Spinal Surgeons?

8 messages
10/05/2013 at 11:49

Please would any spinal or nerve experts out there advise me on whether the symptoms of Cauda Equina persist for a period of time AFTER surgery.

My wife had an operation on Wednesday - as an emergency procedure - and has the same degree of pain, loss of movement, function and numbness as before.

Thank you

10/05/2013 at 12:23

I'd ring up the hospital and ask

Dave The Ex- Spartan    pirate
10/05/2013 at 13:40

Yeah. Think I'd ask who ever did the surgery 

10/05/2013 at 21:39

Still in the hospital - emergency surgery required following complete lower body paralysis and internal organ failure.....all due to a prolapsed disk.

Surgeon is one of those gung ho types - aren't they all? Anyway, I'm not convinced he actually has a full handle on the symptoms. He just likes operating. 

Fingers crossed.

10/05/2013 at 21:51

Not a surgeon but an employee of mine had emergency surgery to prevent Cauda Equina - prolapsed disc also - loss of urinary function and lack of motor function and it took a long time for  feeling and full mobility to return to the affected limb (she was lucky it was just one leg).  She eventually recovered full function but it took months.  The pain diminished very quickly from what I remember although she was off work for the first while and so I only saw her once she was able to walk again.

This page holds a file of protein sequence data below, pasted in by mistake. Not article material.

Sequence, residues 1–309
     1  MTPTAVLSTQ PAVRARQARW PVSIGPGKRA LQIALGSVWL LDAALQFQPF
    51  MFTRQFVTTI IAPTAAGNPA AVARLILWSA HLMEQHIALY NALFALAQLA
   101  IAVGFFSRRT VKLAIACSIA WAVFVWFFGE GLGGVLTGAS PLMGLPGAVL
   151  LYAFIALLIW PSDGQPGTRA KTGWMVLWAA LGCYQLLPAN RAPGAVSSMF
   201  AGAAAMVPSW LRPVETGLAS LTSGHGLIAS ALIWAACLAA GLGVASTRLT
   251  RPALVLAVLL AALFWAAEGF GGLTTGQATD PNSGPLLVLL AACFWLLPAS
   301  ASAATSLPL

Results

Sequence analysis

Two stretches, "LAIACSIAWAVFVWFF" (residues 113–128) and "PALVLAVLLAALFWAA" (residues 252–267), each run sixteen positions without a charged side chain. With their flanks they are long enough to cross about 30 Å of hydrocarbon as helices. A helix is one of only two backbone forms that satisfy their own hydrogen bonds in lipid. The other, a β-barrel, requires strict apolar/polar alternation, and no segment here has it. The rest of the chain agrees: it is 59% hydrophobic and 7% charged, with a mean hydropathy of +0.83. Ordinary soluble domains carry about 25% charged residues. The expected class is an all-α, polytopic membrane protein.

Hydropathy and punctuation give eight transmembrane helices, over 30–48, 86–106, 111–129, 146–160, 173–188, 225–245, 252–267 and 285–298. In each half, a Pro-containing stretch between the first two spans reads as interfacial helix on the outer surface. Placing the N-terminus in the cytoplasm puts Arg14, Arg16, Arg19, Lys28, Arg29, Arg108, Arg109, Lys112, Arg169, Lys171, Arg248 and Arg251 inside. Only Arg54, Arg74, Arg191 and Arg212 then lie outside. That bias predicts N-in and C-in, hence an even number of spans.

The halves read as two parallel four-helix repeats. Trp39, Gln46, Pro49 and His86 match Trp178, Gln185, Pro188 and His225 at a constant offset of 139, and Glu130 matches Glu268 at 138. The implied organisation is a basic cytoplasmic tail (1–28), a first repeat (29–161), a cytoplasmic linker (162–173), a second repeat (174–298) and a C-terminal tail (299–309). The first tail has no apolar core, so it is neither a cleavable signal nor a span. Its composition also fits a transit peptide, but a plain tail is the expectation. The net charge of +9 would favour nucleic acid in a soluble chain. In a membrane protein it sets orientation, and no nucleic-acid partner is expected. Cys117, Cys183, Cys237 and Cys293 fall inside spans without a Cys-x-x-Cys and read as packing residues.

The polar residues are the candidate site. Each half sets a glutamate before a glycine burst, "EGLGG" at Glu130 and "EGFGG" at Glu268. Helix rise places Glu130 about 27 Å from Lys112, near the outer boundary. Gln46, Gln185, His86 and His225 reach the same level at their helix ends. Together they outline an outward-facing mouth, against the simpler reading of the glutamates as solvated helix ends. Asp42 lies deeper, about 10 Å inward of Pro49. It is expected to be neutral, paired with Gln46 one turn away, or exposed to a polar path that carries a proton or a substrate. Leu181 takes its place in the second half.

Edited: 10/05/2013 at 21:53
10/05/2013 at 22:22

has she had a second surgery 210?

11/05/2013 at 11:29

CE compression is the serious one and needs immediate surgical intervention, which thankfully your missus has had done.

The compression on the nerve is no longer, but (and this is the key, and why intervention is needed immediately) the longer she has symptoms pre op the longer she'll have them post op.

GA, above is correct. In hind sight it may take months to recover. But, if the pre op symptoms were severe and prolonged than a total recovery may be impossible. If the nerve has been permenantly damaged due to the compression and lack of blood supply then the post op outcome  is worse.

Your missus (and you!) need to do everything possible to aid full recovery by working hard remedially. Physio needs to be at the top of the list. Recovery is very unlikely to be immediate, but with a fair wind and a nudge here and there I'm sure she'll do fine.

Do though get in touch with doc or the ward sister to allay your concerns.

Good Luck

13/05/2013 at 10:22

Thank you all of you.

We're taking an hour at a time to be honest. A GP pal of mine has re-defined the pain meds programme. That's worked.

Pain centred on op area now, with a little sciatic pain. 

Points noted about months to recover and physio.

Again, thank you all.


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